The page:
Late pregnancy, surveys show, is not a time when your sex drive is at its peak.

My friend Maria expressed her opinions to me when she was eight months pregnant.

“Maybe”, she said, “its something to do with the fact that, by this stage, your boobs are covered in unsightly veins, your pubic hair has disappeared beneath the bulging bump, and the midwife keeps talking about your perineum as though it is a piece of public property”.

– Emma Miles (Midwife)

She went on to explain that every night she and her husband went to bed, the baby would start to move and kick about furiously. Which, although held a certain fascination and enjoyment for them, was a complete turn off sexually.

But hold on a minute, I disagreed!

When I was pregnant, I had never felt so sexual in my entire life. I felt completely feminine for the first time, having been a total overgrown tomboy until then. It got to a stage where my other half was walking out the door one day, but looked so yummy in his suit and tie, he never made it to the car!

Despite differing views on this subject, pregnancy is a great time to enjoy sex. Increased blood flow to the pelvic area and extra lubrication of the vagina means that in theory making love can be better than ever. And, obviously, there is no fear of unwanted pregnancy! There is of course the expanding challenge of finding new positions for sex as your bump gets bigger, which can be a turn on in itself.

Many couples find that even with the woman on top, this can prove to be difficult. Another friend of mine, my hairdresser actually, (isn’t it amazing, the conversations you have with the person who cuts your hair?) said that while she was pregnant, she found that her redundant abs cradle, (previously bought years ago, used for about a week then abandoned in the shed), came in handy. She placed it around and above her husband’s head and used it to lean on for much improved manoeuvrability during sex! It makes me wonder what other wonderful methods could be used, but that, I think, is a whole other article!

Another common worry, mostly for men, is will sex harm the baby? The official advice for this is no, sex will not harm babies, but if you have had some bleeding in the first three months, the advice is to give penetrative sex a rest, or take it gently during this time.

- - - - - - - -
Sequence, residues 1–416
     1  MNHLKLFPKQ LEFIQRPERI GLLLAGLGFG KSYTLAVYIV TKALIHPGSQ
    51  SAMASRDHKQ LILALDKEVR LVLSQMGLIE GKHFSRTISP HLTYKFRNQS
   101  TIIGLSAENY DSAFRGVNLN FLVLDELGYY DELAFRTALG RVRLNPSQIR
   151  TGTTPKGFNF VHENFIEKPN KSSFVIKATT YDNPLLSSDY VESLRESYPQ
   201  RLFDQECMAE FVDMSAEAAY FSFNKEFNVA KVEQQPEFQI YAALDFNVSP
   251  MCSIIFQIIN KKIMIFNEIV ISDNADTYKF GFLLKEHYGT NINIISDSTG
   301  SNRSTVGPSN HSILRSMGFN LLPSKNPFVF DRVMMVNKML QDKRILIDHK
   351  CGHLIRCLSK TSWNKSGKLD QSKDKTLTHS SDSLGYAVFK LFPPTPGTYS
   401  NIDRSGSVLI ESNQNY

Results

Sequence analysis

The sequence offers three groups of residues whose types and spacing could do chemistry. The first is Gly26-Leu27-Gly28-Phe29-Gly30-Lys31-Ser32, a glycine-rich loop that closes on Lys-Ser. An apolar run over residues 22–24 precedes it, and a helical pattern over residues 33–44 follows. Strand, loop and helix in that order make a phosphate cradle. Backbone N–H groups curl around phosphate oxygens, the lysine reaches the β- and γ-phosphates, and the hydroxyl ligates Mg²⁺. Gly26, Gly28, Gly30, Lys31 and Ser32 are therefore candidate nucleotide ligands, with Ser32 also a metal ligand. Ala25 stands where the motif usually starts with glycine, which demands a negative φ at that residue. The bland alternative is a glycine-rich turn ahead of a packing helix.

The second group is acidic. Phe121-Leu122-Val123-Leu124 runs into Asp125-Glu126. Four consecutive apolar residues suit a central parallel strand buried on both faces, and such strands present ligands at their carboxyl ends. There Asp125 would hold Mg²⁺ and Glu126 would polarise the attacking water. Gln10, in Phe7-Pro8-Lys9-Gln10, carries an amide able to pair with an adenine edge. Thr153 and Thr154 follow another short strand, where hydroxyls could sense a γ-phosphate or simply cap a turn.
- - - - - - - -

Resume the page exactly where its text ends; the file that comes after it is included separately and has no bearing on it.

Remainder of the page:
There are two important things to remember about sex during pregnancy and after birth. First, everyone is different and second, whether you are more randy than you have ever been or totally off sex, it doesn’t matter. You need to give yourself time to adjust to the huge physical and mental changes happening to you and your partner. Accept that it will affect your sex life in one way or another, but as long as you keep talking and remember that sex isn’t just about penetration. There are lots of other sorts of sexual contact you can enjoy – it doesn’t have to be the whole thing or nothing!

After childbirth most couples need time to adjust to the huge upheaval of looking after a child, and it can affect your sex life in lots of ways. Some couples use the postnatal six week check with their GP as a start date to begin their sex life again, some take more than a year to get back to normal.

There is something to remember here though, and that is the fact that if you begin your sex life again very soon after childbirth, before you have had time to discuss or organise your continuing contraception method with your healthcare provider, there is a very real possibility that you could become pregnant again! If you are planning on using something other than condoms as contraception, then remember to use a condom until you have sorted out your continuing contraceptive method.

The body ovulates before menstruation, and most women do not know when this happens after birth. As a midwife, I have seen many a couple coming into hospital in labour nine months to the day that they left with their brand new baby! Remember, although “breast is best”, breastfeeding will not work as a contraceptive.

Whilst this is great for midwives (keeping us in a job and we are always happy to see a familiar face!), for some mums (and dads) having a newborn and a nine month old baby to care for can be a nightmare.

So, this is where condoms come into their own! (No pun intended). Not only can you guard against unwanted pregnancy after childbirth, using a good lubricant can help if you are worried about having sex soon after birth. (And its soooo much fun too!) One thing is certain, and that is having a baby changes everything, and that includes your sex life.